Look in moist forests along the coast of California and you might find Aquilegia eximia, or Van Houtte’s columbine, a pretty, reddish-orange flower. “The columbine is a big beautiful plant that grows in nice little streams; there are always hummingbirds buzzing around and lots of greenery in these little seeps during the dry, golden California summer,” says Eric LoPresti, who studies the interactions between plants and insects at the University of California, Davis.
LoPresti is interested in A. eximia not because of its beauty, but because of a not-so-beautiful aspect to the plant: It’s covered in carrion. The plant is a “sticky columbine,” and it traps hundreds of tiny arthropods on its stem, leaves, flower and other parts. The plants are also host to a variety of omnivores, scavengers and predators — bugs and other insects that eat the dead arthropods trapped on the plant’s sticky surface.
LoPresti and his colleagues suspected that there was more to the relationship, and that the plants might be getting a big benefit from covering themselves with dead arthropods. The columbines, they hypothesized, might be luring the tiny arthropods to their death — like sirens in classical mythology — to attract bigger critters that keep away or eat the plant’s main herbivorous predator, the Heliothis phloxiphaga caterpillar.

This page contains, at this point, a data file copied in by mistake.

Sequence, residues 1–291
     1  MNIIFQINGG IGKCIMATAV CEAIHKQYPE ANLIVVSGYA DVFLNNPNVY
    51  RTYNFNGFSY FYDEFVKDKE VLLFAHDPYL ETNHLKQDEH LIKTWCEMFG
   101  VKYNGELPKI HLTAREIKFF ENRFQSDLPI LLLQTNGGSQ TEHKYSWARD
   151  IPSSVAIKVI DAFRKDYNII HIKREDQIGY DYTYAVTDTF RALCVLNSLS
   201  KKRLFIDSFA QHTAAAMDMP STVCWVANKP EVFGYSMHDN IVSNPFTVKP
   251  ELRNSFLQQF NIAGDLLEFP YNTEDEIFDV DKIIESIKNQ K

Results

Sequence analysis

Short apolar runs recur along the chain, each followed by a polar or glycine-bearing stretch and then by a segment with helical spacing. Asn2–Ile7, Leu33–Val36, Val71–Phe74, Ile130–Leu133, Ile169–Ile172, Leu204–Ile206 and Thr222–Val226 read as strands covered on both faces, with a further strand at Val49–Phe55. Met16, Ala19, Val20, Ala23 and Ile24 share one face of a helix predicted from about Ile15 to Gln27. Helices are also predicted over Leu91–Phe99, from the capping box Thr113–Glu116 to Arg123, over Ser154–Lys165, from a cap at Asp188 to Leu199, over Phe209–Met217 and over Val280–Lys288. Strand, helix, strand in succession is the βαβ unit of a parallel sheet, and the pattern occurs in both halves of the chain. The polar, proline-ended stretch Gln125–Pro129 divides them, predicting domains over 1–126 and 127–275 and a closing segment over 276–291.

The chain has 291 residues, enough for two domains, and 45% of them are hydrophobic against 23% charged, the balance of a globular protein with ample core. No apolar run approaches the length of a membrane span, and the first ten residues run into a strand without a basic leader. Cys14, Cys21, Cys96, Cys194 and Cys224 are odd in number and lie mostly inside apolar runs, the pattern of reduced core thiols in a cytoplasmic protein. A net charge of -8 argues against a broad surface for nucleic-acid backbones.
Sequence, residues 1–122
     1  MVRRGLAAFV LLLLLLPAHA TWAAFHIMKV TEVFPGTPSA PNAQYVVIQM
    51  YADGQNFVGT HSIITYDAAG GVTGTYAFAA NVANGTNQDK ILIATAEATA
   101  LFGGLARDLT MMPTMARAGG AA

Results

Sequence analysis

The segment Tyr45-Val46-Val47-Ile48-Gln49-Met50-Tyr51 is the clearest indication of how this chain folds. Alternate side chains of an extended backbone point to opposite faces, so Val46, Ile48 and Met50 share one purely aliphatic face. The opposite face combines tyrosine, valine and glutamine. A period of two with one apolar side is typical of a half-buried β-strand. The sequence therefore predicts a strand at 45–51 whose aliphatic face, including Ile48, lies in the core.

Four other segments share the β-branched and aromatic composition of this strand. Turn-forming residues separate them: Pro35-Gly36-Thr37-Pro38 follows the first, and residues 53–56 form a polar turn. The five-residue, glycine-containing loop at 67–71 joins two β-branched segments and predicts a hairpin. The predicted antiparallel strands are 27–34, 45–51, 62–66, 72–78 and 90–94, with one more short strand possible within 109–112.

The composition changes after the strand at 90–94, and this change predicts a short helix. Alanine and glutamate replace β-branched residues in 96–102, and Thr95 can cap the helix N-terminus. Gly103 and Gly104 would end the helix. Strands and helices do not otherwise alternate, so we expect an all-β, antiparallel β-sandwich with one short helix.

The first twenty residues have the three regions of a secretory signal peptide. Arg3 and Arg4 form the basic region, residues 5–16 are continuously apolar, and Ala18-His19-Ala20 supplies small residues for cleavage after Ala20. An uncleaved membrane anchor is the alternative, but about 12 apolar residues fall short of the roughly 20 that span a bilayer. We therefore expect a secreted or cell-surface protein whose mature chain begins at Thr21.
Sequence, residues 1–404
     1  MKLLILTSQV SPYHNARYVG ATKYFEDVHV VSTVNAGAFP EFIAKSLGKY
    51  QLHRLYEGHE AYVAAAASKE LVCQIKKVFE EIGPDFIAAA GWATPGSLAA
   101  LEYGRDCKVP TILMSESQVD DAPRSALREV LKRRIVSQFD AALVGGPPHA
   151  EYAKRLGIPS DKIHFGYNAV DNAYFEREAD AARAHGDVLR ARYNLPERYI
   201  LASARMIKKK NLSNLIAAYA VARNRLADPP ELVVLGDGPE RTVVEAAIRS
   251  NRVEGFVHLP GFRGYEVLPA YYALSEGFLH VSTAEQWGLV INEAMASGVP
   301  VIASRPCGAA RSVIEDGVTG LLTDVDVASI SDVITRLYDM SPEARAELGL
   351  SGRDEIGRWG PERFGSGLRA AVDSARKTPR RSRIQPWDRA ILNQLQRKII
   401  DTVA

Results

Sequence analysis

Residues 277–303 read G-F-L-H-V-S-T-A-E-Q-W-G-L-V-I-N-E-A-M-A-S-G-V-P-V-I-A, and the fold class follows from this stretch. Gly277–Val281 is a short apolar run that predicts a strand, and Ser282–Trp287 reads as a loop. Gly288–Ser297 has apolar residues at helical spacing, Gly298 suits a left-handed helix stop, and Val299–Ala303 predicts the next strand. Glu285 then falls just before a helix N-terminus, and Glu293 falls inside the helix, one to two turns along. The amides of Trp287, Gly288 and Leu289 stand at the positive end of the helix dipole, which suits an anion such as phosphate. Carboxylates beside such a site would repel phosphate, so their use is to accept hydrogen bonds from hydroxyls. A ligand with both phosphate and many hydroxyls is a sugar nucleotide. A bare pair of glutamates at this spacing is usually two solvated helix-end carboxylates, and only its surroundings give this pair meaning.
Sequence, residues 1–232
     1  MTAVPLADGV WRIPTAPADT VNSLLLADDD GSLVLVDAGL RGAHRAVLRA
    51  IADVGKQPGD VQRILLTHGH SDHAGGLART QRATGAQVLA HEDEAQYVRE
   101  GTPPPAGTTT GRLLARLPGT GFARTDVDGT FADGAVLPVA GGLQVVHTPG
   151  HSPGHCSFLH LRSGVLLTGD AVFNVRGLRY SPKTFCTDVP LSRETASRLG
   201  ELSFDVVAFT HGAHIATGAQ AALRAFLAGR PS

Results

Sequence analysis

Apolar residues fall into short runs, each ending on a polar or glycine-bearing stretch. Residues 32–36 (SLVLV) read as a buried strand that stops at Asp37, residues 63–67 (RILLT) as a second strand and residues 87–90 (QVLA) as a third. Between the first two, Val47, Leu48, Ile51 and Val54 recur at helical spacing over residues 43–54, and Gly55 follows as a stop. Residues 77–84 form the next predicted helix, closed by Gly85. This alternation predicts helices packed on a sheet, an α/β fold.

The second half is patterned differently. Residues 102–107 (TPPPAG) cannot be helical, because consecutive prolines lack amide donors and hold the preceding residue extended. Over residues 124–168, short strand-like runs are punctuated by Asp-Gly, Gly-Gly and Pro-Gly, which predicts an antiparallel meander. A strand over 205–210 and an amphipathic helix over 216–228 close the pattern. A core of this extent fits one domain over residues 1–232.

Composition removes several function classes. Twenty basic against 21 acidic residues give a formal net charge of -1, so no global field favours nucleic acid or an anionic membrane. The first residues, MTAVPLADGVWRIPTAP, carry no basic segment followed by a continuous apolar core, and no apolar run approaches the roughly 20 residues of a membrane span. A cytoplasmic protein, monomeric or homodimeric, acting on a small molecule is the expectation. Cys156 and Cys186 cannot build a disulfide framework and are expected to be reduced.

The team then removed carrion from some columbines and in the weeks afterward, compared them with plants that hadn’t had any arthropods removed. Plants that still had dead arthropods had about 74 percent more predatory insects, and they were much less likely to be damaged by the caterpillars. When there was no carrion, plants were 121 percent more likely to have damaged reproductive structures. The siren song has definite benefits for the plant, the researchers conclude in the November Ecology.
Insect entrapment is a common feature in the plant world. A few species are carnivorous and eat what they kill, but most are not. LoPresti and his colleagues suspect that many of those may be like A. eximia, using their sticky nature as a defense. “I'm not sure whether other plants rely on it as much as [the] columbine,” LoPresti says, “but I suspect many derive some benefit from scavenging predators.”